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Friday, December 1, 2023

Vivek Agnihotri’s The Kashmir Files is More than the Apex of Genocide; it is a Narrative of Cultural War

Vivek Agnihotri, a National awardee and independent filmmaker, helms this tale of the lost and tortured souls of Kashmiri Hindus

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Niloy Chattaraj
Niloy Chattaraj
COO of Transcontinental Times, A double gold medalist engineer who covers social issues, science, and Indian history.

INDIA: “The Kashmir Files” is based on the excruciating genocide of Kashmiri Hindus in the 1990s, which forced thousands of Hindus to flee their homeland. The gruesome story, or rather the 32 years of the darkest chapter in history that has been erased from any existing narrative, unfolds through the Pandit family of Kashmir.

The night of the 1990s unleashes a tragedy, igniting an onslaught of Kashmiri Hindus across the valley. Every terrorist is on the prowl, and they viciously target and slaughter every existing Kashmiri personnel based on their religion.

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The plot represented the apex of the trauma experienced by Pushkar Nath Pandit, Sharda Pandit, and Shiva Pandit, who had lost a family member, which is nothing short of horror to humanity. Krishna Pandit is the story’s pivot, moving the timeline between the present and the past. Facing the horror while living to tell the tale and resembling a refugee in their own country, the narrative raises only one question: Will Kashmiri Hindus receive justice?

Ensemble cast

Vivek Agnihotri, a National awardee and independent filmmaker, helms this tale of the lost and tortured souls of Kashmiri Hindus. He has previously directed prominent films such as Buddha in a Traffic Jam (2014) and The Tashkent Files (2019). The Tashkent Files was a sleeper hit at the box office, completing 100 days in theatres.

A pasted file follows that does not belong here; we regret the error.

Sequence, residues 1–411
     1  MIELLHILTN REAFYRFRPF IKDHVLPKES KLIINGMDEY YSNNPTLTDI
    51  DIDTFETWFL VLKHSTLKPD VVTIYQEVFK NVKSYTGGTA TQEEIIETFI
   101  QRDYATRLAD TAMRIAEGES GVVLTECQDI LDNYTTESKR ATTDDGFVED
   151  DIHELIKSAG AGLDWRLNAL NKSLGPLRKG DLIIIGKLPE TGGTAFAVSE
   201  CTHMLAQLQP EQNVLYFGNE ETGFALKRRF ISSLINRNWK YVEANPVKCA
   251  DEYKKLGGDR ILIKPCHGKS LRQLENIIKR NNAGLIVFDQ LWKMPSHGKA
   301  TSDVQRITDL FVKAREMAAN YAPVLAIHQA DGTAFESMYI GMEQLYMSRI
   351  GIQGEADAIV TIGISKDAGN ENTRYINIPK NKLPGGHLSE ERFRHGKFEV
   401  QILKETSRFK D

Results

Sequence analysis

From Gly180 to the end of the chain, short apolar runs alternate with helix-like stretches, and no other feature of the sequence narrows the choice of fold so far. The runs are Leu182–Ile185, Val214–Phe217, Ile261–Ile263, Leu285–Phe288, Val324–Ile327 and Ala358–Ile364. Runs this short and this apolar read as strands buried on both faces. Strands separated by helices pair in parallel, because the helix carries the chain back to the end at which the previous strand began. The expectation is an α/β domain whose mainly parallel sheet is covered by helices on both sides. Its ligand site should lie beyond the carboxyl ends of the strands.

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The films include National Award winners Anupam Kher as Pushkar Nath Pandit, Mithun Chakraborty as Brahma Dutt, Pallavi Joshi as Radhika Menon. It also stars prominent actors such as Prakash Belawadi as Dr. Mahesh Kumar, Puneet Issar as DGP Hari Narain, Chinmay Mandlekar as Farooq Malik, Darshan Kumar as Krishna Pandit, Bhasha Sumbli as Sharda Pandit, Mrinal Kulkarni as Laxmi Dutt, Prithviraj Sarnaik as Shiva Pandit and Atul Srivastava a Vishnu.

Kashmir’s truth unfolds through Vivek Agnihotri’s vision

The film puts the spotlight on the definitions of nationalism, communism, the left-wing, and the right-wing which are rarely seen in Bollywood films. The way Kashmir has been depicted in such a truthful manner has never been shown in any Bollywood film; if any film is made on such a topic, it is always shown through twisted facts with a high sense of political correctness, which primarily includes the Indian Army as the sole cause of all the problems in Kashmir. Hats off to Vivek Agnihotri for having the courage to portray such a sensitive subject in such a brutally honest manner, free of political correctness; he is the true star of the film in every way.

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It’s like the actors have lived their parts, not just performed them

Anupam Kher as Pushkar Nath Pandit (Photo Credit: Instagram)

Pushkar Nath Pandit, played by Anupam Kher, depicts the searing sorrow and trauma of a man whose life has been radically altered by the onslaught in the valley. His mere expression is enough to elicit an emotional response in anyone. His tiny steps and the manner in which he talks or argues with Krishna Pandit define how he has carried the grief for so long. There’s a scene where his character requests that Article 370 be repealed, and it emotionally tears us. We, as an audience, can connect with him to the point where we can sense his anguish. His character’s reality stems from the that Anupam Kher is likewise a Kashmiri Hindu. And it’s safe to say that it’s his best performance to date.

Pallavi Joshi as Radhika Menon (Photo Credit: Instagram)